NEW YORK (CNNMoney) -- U.S. stocks finished lower Tuesday, with all three major indexes losing about 1%, as a 3% drop in oil prices sparked a sell-off in energy stocks and Alcoa's sales disappointment weighed down the Dow.
Investors also were on edge after Japanese officials raised the threat level at the Fukushima nuclear plant to the same as the 1986 incident at Chernobyl, in what was then the Soviet Union.
"Some people wanted to forget the nuclear threat in Japan, but it popped back up and worsened overnight," said Joe Saluzzi, co-head of equity trading at Themis Trading. "There are a lot of headwinds in the market, and on a day like today, investors are waking up and taking notice of all of them."
The Dow Jones industrial average (INDU) dropped 118 points, or 1%, dragged down by a 6% drop in Alcoa (AA, Fortune 500)'s stock. The aluminum giant reported disappointing sales late Monday as it kicked off the first-quarter earnings season.
"[Investors] want to see better revenues, margins and are interested in company guidance," said Saluzzi. Alcoa didn't deliver, worrying investors about how rising input and commodity prices will affect other corporate earnings.
Energy companies also added pressure on the market, as oil prices fell more than 3% to $106.25 a barrel. The slide in crude came after a Goldman Sachs forecast for a $20-a-barrel drop in crude prices this spring. Chevron (CVX, Fortune 500) and Exxon Mobil (XOM, Fortune 500) were big laggards on the Dow.
Pioneer Natural Resources (PXD), Nabors Industries (NBR), Denbury Resources (DNR), Range Resources (RRC) and National Oilwell Varco (NOV, Fortune 500) pressured the S&P 500 (SPX), which slipped 10 points, or 0.8%.
On Monday, U.S. stocks gave up an early advance and closed little changed, as investors look toward corporate reports due throughout the week.
The 2011 budget cuts will slash $40 billion, cutting back on a wide range of programs and services including high-speed rail, emergency first responders and the National Endowment for the Arts.
The Treasury Department said the federal deficit increased to $188.2 billion in March. The monthly shortfall was just shy of the $189 billion forecast by economists.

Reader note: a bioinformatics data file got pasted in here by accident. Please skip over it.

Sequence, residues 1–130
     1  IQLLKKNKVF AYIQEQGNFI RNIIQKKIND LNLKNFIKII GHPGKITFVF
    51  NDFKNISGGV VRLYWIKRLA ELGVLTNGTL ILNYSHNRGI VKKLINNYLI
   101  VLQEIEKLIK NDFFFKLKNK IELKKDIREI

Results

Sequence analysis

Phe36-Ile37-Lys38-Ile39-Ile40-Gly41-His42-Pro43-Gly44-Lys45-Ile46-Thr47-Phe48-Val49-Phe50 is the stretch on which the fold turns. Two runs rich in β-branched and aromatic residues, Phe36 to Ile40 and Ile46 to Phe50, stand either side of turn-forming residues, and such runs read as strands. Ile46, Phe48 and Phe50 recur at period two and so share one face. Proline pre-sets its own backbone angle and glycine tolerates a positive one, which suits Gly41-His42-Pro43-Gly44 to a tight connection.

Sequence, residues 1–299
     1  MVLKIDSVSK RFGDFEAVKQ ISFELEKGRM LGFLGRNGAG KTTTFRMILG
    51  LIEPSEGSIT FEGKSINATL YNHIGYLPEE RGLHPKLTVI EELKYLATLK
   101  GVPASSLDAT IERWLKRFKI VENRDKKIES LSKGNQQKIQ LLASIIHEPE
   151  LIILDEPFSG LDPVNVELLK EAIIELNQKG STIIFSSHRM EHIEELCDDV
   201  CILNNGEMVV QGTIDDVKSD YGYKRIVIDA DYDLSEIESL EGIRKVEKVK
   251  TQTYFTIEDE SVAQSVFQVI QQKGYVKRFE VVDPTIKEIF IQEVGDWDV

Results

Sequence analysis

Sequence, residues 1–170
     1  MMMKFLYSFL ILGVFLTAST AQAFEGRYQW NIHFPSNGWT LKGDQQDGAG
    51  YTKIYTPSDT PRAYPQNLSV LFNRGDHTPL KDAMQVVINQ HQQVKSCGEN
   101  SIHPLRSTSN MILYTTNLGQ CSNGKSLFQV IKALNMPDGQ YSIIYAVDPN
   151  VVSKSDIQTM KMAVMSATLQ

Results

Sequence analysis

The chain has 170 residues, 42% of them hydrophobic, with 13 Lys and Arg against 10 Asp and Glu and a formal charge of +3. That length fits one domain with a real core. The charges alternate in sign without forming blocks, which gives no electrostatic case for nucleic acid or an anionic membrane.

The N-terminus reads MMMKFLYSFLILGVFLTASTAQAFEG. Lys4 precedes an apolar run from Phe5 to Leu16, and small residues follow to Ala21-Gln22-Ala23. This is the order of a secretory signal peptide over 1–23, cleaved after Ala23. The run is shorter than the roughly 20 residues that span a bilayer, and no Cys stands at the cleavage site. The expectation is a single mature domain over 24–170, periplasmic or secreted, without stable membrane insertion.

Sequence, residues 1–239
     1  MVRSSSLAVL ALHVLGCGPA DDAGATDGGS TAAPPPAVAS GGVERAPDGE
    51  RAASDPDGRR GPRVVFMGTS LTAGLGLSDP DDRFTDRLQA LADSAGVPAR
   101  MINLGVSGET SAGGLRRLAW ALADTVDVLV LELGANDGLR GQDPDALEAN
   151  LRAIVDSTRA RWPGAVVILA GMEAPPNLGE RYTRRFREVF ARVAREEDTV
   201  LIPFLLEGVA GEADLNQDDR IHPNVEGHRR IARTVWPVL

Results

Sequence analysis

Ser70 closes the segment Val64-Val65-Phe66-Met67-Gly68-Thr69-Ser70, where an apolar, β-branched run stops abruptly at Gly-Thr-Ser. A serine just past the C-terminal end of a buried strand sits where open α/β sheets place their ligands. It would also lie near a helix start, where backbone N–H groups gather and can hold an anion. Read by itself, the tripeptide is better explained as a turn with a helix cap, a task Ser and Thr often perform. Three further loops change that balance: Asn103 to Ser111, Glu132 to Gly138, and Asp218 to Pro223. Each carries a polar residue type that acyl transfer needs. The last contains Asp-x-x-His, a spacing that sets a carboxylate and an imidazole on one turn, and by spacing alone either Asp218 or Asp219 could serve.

Economy: The Commerce Department released data on the U.S. trade balance for February, showing that the deficit narrowed to $45.8 billion. Economists surveyed by Briefing.com expected the report to show the trade deficit narrowed slightly to $45.7 billion, down from a revised $47 billion in January.
On Sunday, China reported a small surplus for March, but revealed a more than $1 billion trade deficit for the first quarter. The U.S. data lags a month behind the Chinese report.
World markets: Asian markets sold off after the Japanese government bumped up the nuclear threat to a level on par with the Chernobyl disaster in 1986.
The Hang Seng in Hong Kong fell 1.3% and Japan's Nikkei tumbled 1.7%. The Shanghai Composite edged 0.1% lower.
European stocks fell Tuesday. Britain's FTSE 100, the DAX in Germany and France's CAC 40 all slid about 1.5%.
Gold futures for June delivery fell $14.50 to settle at $1,453.60 an ounce.
Bonds: The price on the benchmark 10-year U.S. Treasury rose, pushing the yield down to 3.50% from 3.57% late Monday.
|Overnight Avg Rate||Latest||Change||Last Week|
|30 yr fixed||3.99%||4.02%|
|15 yr fixed||3.18%||3.16%|
|30 yr refi||4.01%||4.07%|
|15 yr refi||3.20%||3.19%|
Today's featured rates:
Walmart has agreed to pay $7.5 million to settle a suit that alleged the chain discriminated against gay employees. More
Increased health coverage through Obamacare and greater use of health care services accounted for the nearly 6% rise of national health spending in 2015, which approached $10,000 per person. More
Hackers have stolen 2 billion rubles -- equivalent to $31 million -- from accounts that banks keep at Russia's central bank. More
In 1998, Ntsiki Biyela won a scholarship to study wine making. Now she's about to launch her own brand. More
Credit card issuers are competing intensely for your business, and they're willing to pay for it. More